April 29, 2013 – All too often, organizations rely on a combination of gut instinct and raw data analytics to develop strategy. While this approach can work, it can also leave undiscovered market opportunities and risk-mitigation issues that could impact the business – positively or negatively – in both the near and long term. By deploying one or more strategy development tools, executives can create more clarity about business operations, and, consequently, reduce losses and increase profitability. In essence, strategy development tools provide better insight into the organization and the market, which can help the company develop strategies to improve effectiveness and efficiency.
5 Powerful Strategy Development Tools

While there are dozens of strategy development tools you can use as part of the strategic planning process, the following five strategy development tools have proved remarkably successful in helping a company develop strategy:

  1. Mission and vision statements
  2. SWOT analysis
  3. PESTEL analysis
  4. Competitive analysis
  5. Scenario planning

Let us take a closer look at each one in turn.

Strategy Development Tools: Mission and Vision Statements

A mission statement will define the purpose of a company and why it exists. It is an internal way to measure the success of a business. It is designed to help the leaders of a company and the stockholders/stakeholders measure success. Although a vision statement may sound like a synonym, it is slightly different. This statement focuses on what the organization hopes to achieve. It is more about subjective criteria related to quality rather than objective criteria related to quantity. It guides employees and builds trust with customers. For in-depth information on mission and mission, download our white papers, Mission Statements: A How To and The Strategic Importance of Vision Statements.

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Strategy Development Tools: SWOT Analysis

As far back as the 1960s, Albert S. Humphrey invented the SWOT Analysis. It was useful then, and it remains useful now. In a leadership meeting, it can be used to either jump start the conversation or be used as a strategic planning tool in its own right. SWOT is an acronym for Strengths, Weaknesses, Opportunities, and Threats. By analyzing these four criteria, a company can get a better understanding of how it interfaces with the marketplace. For this reason, it is sometimes referred to as an Internal-External Analysis tool, a SWOT Matrix, or an IE Matrix. Strengths and Weaknesses are internal and within the company’s control. Opportunities and Threats are external and beyond the company’s control. For more information on SWOTs, check out our tutorial, What is a SWOT Analysis?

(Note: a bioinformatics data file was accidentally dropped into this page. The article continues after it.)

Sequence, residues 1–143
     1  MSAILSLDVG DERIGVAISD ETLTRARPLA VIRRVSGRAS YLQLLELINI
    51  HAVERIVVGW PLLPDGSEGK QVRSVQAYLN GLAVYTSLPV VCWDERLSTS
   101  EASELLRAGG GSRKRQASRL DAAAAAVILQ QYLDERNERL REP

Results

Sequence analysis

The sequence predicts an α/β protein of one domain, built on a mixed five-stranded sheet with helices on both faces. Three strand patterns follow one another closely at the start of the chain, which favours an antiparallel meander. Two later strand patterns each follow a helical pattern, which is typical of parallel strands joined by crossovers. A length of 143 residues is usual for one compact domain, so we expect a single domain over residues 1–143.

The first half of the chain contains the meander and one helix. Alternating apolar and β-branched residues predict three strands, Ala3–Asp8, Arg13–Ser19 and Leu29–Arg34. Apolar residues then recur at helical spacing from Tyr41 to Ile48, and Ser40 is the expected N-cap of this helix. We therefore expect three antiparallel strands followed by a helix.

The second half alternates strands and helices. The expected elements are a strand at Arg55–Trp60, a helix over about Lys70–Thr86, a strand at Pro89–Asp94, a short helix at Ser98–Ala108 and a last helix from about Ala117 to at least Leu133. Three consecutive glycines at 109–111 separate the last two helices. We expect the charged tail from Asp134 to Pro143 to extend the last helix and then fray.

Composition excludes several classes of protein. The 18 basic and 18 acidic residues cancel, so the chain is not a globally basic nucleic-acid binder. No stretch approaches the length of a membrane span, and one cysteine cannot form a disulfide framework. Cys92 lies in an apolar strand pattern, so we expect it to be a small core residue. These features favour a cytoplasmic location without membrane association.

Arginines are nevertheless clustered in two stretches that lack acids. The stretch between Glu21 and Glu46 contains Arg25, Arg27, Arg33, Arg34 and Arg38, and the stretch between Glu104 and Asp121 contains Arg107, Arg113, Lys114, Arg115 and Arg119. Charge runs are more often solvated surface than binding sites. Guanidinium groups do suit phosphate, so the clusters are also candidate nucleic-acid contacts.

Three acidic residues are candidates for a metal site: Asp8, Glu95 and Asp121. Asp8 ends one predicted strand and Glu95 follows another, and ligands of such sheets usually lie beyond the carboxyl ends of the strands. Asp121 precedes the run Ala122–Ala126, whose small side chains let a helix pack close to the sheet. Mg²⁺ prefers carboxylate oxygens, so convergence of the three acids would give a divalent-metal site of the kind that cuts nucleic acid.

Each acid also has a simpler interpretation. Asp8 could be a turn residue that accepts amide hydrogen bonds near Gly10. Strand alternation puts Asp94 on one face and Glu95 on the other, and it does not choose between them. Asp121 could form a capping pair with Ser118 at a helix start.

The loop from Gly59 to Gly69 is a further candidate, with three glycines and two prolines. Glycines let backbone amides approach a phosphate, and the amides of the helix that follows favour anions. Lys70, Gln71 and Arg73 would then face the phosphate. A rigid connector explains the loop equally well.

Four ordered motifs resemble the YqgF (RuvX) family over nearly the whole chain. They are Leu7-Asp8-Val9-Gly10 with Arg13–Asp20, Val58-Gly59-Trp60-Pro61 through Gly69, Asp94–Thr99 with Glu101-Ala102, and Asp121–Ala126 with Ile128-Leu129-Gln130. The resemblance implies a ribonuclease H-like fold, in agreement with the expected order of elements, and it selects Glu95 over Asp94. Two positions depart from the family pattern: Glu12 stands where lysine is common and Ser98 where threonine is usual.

Strategy Development Tools: PESTEL Analysis

Another acronym is PESTEL. The letters stand for Political, Economic, Social, Technological, Environmental, and Legal/Regulatory. Often used in conjunction with the SWOT Analysis, the PESTEL Analysis helps executives deliberate on external factors (the six categories) that could present external opportunities or threats.

Strategy Development Tools: Competitive Analysis

As the name implies, this is a tool for measuring how a business stacks up against competitors in the same industry. Like the SWOT, it measures strengths and weaknesses. It helps explore a way to create a unique position in the marketplace. In business, meaningful differentiation can mean the difference between mediocrity and soaring success.

Strategy Development Tools: Scenario Planning

Finally, scenario planning is a tool for forecasting. It is based on observing current trends and making projections. By extrapolating, a business may be able to prevent disaster or seize an untapped market opportunity.

Applying one or more of these strategy development tools will improve efficiency, reduce waste, and increase asset-building. In fact, these tools are powerful enough to help a struggling business thrive and a successful business move to a new level.

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Meagan M. Flores
Meagan M. Flores
Meagan M. Flores is the Vice President of Marketing for AchieveIt. A genuine 'problem-solver', when Meagan isn't nose-down in the Sunday Times crossword puzzle, you can find her leveraging her expertise spanning early stage startups to mature growth enterprises to comment trends and best practices related to strategy development and execution, leadership and revenue marketing.